Will win: Barry Jenkins for Moonlight
La La Land is almost guaranteed the top award, but the Academy has an odd predilection for splitting the best director statuette. Over the past five years, three of the so-called best directors didn't end up actually directing the best films, in a paradoxical bit of vote-splitting. Expect Academy members to nudge Jenkins to the stage for his stunning work on the critically adored, still-little-seen, politically progressive Moonlight.
Should win: Damien Chazelle for La La Land
Although the Academy occasionally believes differently, the best film of the year rests entirely on its director, so 2017 demands to be Chazelle's year.
Will win: Denzel Washington for Fences
Ever since Manchester by the Sea premiered at Sundance more than a year ago, the hype machine pushed Casey Affleck as the actor to beat. And he may have well gone the distance had his ugly courtroom history not resurfaced during last fall's awards race (in 2010, two women who worked with Affleck filed sexual harassment suits against him, with the claims being settled out of court). Expect the Academy sentiment to shift instead to Washington, who not only delivers a powerhouse performance in Fences, but also boasts the neat trick of coaxing it from himself, having directed the drama.
Should win: Casey Affleck for Manchester by the Sea
The actor's history is undeniably queasy, and his half-hearted festival-circuit press has not exactly burnished his image, but his turn as Manchester's sad-sack mourner remains the year's most haunting performance.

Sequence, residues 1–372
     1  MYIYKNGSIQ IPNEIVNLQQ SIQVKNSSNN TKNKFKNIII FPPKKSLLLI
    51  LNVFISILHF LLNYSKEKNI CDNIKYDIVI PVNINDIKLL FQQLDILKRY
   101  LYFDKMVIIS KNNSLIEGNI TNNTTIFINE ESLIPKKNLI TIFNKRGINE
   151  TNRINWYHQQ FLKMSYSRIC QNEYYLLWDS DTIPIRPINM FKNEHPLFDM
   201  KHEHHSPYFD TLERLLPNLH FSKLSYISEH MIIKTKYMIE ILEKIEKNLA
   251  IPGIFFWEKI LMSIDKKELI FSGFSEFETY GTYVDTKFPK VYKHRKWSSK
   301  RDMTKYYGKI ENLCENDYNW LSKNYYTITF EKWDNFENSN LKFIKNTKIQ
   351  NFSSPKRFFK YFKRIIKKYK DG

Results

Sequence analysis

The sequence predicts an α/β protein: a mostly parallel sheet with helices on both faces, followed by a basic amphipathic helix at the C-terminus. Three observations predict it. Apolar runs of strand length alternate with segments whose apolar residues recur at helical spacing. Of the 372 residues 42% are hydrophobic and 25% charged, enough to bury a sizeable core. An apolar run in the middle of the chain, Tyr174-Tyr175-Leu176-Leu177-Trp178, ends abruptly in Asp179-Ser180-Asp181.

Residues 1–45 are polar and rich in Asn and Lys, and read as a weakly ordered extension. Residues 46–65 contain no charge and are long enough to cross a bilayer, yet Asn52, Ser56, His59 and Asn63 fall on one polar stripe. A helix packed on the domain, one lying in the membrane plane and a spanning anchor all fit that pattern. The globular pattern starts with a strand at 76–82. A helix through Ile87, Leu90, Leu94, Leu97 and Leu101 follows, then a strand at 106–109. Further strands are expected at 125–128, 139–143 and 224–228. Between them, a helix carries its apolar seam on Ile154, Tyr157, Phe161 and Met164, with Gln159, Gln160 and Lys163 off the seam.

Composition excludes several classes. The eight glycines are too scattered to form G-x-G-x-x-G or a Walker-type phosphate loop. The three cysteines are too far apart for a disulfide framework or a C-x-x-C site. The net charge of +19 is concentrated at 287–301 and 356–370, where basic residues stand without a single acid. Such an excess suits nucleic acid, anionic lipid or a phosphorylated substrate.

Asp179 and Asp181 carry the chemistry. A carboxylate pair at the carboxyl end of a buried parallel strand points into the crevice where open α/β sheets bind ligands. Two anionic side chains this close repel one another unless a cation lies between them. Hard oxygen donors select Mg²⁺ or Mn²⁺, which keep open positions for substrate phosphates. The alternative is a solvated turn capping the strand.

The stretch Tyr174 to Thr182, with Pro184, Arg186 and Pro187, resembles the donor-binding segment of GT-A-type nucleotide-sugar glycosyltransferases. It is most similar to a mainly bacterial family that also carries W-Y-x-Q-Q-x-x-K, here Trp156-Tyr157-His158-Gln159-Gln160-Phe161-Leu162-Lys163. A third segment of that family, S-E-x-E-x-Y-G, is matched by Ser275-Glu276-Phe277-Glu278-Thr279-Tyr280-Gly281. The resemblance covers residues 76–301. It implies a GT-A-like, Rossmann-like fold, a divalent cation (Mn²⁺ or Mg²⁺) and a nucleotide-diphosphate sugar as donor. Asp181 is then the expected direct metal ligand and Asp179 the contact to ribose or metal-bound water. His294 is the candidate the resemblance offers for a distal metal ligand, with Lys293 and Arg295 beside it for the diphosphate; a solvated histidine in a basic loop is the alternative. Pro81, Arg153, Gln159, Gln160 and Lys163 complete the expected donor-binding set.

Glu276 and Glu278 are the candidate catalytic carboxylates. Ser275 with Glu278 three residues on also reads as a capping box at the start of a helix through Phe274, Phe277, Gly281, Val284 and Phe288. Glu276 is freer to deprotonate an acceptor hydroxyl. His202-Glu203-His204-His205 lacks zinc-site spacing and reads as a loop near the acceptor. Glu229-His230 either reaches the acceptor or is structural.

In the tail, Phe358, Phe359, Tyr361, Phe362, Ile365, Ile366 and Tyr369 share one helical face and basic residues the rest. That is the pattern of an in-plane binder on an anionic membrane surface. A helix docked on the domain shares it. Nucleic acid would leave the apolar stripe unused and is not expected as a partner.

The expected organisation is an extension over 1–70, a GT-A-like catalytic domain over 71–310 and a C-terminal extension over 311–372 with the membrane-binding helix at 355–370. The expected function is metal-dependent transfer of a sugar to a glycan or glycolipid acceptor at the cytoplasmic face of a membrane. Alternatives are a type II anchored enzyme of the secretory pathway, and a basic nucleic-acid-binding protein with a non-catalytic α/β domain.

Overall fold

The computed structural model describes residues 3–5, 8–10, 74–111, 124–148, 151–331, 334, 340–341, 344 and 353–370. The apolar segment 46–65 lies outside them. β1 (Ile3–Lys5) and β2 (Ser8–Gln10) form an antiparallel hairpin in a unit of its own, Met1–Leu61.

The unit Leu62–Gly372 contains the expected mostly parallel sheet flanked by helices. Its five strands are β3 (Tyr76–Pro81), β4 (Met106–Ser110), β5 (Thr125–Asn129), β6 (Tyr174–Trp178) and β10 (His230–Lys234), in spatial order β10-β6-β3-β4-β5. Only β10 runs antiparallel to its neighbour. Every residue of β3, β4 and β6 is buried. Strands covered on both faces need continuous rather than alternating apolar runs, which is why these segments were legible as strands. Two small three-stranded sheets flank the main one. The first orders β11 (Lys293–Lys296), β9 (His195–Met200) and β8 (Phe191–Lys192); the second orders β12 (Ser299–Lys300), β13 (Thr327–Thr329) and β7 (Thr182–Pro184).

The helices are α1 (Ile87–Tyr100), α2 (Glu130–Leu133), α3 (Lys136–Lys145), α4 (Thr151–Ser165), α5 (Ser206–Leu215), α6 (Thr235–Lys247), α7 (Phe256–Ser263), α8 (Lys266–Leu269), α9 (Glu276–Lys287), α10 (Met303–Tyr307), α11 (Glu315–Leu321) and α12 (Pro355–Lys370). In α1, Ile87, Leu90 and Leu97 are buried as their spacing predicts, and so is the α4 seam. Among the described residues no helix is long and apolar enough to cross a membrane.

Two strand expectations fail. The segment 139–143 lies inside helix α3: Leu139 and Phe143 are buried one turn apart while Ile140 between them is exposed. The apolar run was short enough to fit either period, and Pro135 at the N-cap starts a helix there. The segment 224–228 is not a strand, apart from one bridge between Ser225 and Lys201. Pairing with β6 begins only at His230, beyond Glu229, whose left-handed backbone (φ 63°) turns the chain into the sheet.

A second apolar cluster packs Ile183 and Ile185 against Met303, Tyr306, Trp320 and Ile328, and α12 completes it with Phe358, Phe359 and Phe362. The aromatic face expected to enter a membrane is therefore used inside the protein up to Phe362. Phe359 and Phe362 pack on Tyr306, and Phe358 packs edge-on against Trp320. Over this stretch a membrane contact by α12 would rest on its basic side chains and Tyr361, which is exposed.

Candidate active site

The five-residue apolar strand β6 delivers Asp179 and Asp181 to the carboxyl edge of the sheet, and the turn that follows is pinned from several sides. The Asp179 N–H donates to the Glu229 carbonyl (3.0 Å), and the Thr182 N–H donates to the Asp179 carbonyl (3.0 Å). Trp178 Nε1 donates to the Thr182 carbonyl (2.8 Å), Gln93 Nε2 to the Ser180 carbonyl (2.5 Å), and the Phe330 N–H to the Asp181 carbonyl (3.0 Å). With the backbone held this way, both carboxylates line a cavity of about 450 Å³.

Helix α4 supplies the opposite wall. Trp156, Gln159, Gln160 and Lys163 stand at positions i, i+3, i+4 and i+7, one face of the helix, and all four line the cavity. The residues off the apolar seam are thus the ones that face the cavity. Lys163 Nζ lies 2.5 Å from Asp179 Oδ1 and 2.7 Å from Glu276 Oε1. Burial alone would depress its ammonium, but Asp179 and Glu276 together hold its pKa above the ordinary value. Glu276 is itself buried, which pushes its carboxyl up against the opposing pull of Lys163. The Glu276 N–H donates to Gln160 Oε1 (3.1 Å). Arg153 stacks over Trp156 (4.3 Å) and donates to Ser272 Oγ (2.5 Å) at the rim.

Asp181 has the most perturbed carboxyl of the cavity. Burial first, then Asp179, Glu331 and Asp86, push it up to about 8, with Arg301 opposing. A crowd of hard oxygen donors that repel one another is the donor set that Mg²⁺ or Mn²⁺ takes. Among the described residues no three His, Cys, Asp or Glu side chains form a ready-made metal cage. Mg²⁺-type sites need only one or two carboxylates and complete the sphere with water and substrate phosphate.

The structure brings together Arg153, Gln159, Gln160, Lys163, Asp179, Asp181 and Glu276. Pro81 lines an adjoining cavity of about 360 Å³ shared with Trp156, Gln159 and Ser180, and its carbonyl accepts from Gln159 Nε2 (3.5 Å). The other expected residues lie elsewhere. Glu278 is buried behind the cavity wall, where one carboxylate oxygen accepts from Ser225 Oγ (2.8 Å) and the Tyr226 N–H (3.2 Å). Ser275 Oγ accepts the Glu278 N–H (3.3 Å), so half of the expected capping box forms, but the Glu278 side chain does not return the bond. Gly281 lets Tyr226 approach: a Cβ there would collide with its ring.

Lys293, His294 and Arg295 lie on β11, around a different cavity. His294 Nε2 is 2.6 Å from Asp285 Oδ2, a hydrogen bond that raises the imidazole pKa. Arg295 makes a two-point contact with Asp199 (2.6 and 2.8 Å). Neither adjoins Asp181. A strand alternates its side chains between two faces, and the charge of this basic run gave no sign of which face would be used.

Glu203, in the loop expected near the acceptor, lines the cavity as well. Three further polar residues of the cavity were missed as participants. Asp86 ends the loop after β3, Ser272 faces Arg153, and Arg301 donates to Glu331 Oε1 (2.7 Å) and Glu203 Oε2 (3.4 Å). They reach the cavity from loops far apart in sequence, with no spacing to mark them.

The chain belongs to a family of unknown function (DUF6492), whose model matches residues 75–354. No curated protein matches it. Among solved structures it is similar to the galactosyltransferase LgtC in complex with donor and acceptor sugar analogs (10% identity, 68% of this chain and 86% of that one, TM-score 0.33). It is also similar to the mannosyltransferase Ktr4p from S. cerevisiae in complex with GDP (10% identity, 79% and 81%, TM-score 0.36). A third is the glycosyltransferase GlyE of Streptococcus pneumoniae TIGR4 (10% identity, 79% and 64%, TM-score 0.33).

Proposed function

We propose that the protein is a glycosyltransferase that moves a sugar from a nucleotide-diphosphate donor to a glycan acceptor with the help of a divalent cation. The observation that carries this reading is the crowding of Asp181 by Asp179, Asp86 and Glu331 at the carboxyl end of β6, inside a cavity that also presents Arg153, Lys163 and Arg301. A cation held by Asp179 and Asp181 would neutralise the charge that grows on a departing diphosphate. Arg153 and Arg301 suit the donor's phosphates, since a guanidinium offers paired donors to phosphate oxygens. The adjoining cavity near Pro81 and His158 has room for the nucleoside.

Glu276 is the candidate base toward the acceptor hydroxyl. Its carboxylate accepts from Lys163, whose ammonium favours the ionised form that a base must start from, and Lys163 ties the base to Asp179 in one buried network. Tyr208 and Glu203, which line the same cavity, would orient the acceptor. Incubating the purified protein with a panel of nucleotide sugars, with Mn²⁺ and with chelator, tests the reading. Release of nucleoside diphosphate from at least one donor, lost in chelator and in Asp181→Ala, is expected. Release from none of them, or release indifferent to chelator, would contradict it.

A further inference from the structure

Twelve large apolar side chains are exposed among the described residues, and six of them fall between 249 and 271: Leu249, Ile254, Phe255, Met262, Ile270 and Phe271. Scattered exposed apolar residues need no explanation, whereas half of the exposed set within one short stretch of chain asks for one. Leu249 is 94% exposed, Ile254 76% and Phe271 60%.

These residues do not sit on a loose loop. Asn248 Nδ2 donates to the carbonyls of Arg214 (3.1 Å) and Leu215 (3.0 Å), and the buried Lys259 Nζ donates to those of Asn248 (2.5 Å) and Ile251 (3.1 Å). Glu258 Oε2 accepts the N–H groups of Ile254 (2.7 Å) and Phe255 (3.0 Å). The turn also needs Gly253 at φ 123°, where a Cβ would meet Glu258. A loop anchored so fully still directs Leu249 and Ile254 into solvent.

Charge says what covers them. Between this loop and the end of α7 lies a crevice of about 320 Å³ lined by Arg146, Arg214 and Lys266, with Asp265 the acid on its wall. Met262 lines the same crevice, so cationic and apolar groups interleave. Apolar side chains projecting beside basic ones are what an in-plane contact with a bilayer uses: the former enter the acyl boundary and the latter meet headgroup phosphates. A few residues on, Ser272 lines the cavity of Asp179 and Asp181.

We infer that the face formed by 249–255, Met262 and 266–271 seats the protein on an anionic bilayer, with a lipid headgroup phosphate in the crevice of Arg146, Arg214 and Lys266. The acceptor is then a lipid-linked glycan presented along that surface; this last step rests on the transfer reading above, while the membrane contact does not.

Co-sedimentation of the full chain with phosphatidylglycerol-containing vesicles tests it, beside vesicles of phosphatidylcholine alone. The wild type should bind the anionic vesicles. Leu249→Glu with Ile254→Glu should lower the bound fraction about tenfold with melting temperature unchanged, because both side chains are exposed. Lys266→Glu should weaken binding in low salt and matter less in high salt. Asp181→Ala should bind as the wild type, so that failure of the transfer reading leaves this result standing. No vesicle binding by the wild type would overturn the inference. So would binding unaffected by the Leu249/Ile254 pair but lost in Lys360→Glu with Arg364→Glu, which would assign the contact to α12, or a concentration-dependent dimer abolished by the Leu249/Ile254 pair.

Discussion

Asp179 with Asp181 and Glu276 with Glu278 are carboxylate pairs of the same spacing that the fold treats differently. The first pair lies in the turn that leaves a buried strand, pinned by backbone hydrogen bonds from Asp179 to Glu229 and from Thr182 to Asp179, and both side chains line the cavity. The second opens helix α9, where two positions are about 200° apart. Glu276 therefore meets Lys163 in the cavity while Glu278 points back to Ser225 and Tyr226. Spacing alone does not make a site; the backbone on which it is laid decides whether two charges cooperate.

Will win: Emma Stone for La La Land
Once upon a time, Emma Watson was supposed to star in Chazelle's musical. No knock on the once and forever Hermione, but La La Land simply would not be the bright, shining, brilliant film it is were it not for Emma Stone's radiant performance. Like Natalie Portman's win in 2011 and Jennifer Lawrence's in 2013, this is the Academy's chance to crown a genuine Hollywood superstar, and they will not pass up the opportunity to do so in favour of awarding a repeat winner (a very deserving Portman, a hey-she's-here-too Meryl Streep), a relatively untested newcomer (Ruth Negga) or a European wild card (Isabelle Huppert, God bless her).
Should win: Emma Stone for La La Land
See above. And if you didn't fall in love with Stone the minute she made Ryan Gosling's character perform I Ran in La La Land … well, we all have different definitions of "pure joy," I suppose.